Wine for Asia, Suntec, Singapore 16-18 October 2008 contd.

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wineredglasses1.jpg Days 2 and 3: MP Asia, the Organisers of Wine for Asia have put together a lunch for some of their partners to thank them and discuss their plans for 2009. I gather that the current ogranisers jumped into the picture for the 2008 show fairly late and hope now to have enough lead time to make a grand success of the 2009 show which is expected to be far bigger.

Vikram Achanta, reports from Singapore for Sommelier India.


At lunch I exchange notes with Tommy Lam, the President of the Sommelier Association of Singapore. Apparently it’s the turn of an Asian this year to head up the World Sommelier Association, so things look bright this year for bringing Sommeliers in Asia closer together. Christian Dworam who looks after Wines from Austria is also there. Christian says that India is still some way away on Austria’s radar, but he’s keen on spreading the word about an Austrian wine summit to be held in 2009. Also at my table are a trio of photo clicking Argentinians, a mix of wine makers and representatives from economic Ministries.
Luigi Bazzani, the owner and wine maker from Warrenmang Vineyards in Victoria is across from us, notices that I’m looking thirsty and heads over with a glass of his Cabernet Shiraz. He’s keen on entering India also. He runs two restaurants in addition to his vineyards and thus claims more intimate knowledge about wine and food pairing. Well, I am grateful for his neighbourly gesture and reciprocate with a few of our Wine Bags.
One of the more interesting stalls at WFA is the enticingly named Marilyn wines from Napa Valley – www.marilynwines.com. Their Marilyn Merlot is a homage to Marilyn Monroe as the vintage is released each year on June 1st, her birthday. Hate Merlot, but love Marilyn? They also have a Marilyn Cabernet! Added attraction, the labels have photos of MM. Now that’s a wine label I’d like to keep!
The Magma Bistro stall is a big hit, as they have ovens turning out fresh pizza – accompanied with a glass of German white, this is the must visit stall of the Expo, as is the Amici stall, where select canapés are served up with a glass of wine through the day.
Nancy Gontier is from the Vaucluse, the region Peter Mayles made famous in “A Year in Provence” and its sequels. I met her at a networking exhibition for French wine producers being held at Raffles Hotel. Sopexa Singapore had organised the same with Gregoire. Nancy hates Paris and she can’t wait she says to get back to her vineyard in the Vaucluse. As she explains, a winemaker needs to be close to the soil and there’s no place better than the Vaucluse and her Domaine de la Camarette vineyards!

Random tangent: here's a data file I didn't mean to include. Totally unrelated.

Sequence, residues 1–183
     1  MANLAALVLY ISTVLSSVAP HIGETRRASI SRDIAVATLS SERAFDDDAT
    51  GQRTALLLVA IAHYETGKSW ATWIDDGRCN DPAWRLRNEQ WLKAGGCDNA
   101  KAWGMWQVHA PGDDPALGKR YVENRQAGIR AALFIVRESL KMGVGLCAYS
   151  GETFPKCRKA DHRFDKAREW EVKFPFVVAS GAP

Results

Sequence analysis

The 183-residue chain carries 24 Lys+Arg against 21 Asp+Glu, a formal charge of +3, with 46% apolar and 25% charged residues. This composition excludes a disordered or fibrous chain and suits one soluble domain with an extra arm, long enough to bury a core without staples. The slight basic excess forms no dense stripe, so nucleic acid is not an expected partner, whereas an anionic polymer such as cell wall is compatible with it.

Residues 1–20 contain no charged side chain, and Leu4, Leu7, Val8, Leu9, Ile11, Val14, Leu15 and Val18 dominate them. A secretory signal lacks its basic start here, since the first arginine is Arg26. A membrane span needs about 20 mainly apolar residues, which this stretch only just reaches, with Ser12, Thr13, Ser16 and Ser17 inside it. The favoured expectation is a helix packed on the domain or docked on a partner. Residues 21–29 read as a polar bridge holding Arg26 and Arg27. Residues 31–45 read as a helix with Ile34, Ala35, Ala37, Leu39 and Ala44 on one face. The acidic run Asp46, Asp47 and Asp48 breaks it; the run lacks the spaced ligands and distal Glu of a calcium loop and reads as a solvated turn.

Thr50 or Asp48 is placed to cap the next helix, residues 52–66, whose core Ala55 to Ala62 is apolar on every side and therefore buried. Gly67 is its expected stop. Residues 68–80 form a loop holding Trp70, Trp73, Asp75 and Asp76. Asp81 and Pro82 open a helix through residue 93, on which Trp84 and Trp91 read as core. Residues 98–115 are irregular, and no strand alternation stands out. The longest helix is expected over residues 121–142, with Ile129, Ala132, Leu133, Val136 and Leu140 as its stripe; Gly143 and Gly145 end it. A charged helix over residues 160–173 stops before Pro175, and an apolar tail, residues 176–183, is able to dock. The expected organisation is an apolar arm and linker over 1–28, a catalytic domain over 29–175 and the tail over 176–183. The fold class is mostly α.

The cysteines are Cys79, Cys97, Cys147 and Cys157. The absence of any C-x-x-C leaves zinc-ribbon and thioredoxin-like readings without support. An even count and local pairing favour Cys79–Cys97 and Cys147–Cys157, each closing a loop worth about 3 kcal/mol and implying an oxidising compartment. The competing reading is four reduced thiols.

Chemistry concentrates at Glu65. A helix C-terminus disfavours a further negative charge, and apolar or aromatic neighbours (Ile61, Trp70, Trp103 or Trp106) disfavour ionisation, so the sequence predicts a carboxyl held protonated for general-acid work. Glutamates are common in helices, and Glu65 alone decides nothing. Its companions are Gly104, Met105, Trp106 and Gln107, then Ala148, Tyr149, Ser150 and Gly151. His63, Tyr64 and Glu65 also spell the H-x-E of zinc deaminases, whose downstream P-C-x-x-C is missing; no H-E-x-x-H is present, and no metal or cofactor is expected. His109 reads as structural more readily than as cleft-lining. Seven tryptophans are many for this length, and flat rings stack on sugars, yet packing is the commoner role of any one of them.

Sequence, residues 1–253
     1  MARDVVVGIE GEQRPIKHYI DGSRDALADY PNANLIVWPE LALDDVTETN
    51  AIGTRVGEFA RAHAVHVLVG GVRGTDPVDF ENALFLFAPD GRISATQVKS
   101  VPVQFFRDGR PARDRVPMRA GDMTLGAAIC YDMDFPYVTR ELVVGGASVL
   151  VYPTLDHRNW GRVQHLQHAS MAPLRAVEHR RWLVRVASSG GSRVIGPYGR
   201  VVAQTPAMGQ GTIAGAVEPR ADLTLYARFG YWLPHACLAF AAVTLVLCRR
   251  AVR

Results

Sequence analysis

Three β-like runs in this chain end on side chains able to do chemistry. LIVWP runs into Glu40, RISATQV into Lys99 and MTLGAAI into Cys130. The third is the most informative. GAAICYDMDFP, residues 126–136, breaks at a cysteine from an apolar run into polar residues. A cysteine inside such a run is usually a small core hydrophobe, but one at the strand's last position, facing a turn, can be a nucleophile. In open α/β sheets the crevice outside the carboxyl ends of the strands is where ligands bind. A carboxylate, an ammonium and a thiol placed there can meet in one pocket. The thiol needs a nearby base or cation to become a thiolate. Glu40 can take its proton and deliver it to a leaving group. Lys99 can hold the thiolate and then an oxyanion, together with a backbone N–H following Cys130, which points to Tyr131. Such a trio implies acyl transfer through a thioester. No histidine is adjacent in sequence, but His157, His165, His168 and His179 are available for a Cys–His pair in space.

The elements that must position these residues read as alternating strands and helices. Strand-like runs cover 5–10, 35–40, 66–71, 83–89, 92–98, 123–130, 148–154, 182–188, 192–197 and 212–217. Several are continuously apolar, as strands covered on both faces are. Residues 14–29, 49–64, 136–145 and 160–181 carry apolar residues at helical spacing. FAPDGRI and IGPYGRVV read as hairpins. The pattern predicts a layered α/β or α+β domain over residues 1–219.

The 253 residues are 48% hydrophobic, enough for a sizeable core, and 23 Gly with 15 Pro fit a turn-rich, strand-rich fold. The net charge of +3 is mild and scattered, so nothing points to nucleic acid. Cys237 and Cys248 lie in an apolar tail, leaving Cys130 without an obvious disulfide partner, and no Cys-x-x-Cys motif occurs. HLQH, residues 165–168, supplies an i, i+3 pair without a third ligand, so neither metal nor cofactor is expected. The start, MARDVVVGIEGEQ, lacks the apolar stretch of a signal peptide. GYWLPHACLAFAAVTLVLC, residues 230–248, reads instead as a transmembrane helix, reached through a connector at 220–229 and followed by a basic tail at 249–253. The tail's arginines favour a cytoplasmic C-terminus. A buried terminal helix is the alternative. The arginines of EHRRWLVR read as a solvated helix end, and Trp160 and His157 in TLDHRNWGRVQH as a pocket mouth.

There are a host of other producers including several from the Languedoc-Roussillon region of France, who are also represented by Sud de France, their marketing arm. You have to admire the French. Not only do they have Sopexa as an apex governmental organisation to relentlessly promote French agricultural produce, but individual wine regions also have their own marketing arms!
Heard of Wines from Brazil? I hadn’t, and had the pleasure of interacting with Gopi, Trevor and Andy from Nathan and Peridot, who represent a host of Brazilian wine producers and the State marketing arm, Wines from Brazil in South East Asia. As Gopi explained, they’re a bit reluctant to enter India at the moment. He felt that Indians were looking for cheap wine and Brazil is consciously taking the high road as far as wine quality goes. I did my best to reassure him. Hopefully, we’ll see some of their excellent wines in India soon. The Sauvignon Blanc I tasted was excellent.
Exhibitors are allowed to sell wine after 12 pm on Day 3 and signs quickly go up across the fair, most wines ranging between 30 and 50 Singapore dollars and representing a great bargain, especially as import duties in Singapore are high. Day 3 also allows consumers in, after paying an entry fee. At the end of the day, you witness swarms of people heading back with cases of wine.
For wine lovers in Singapore, the fair must be a high point for the ability to taste excellent wines from around the world, interact with the producers and purchase some fine wine at special prices.
Looking forward for a bigger and better WFA 2009 with greater Indian participation!
Tulleeho is a marketing consultancy and services firm for the beverage industry in India, which also helps companies who want to enter the Indian beverage industry.

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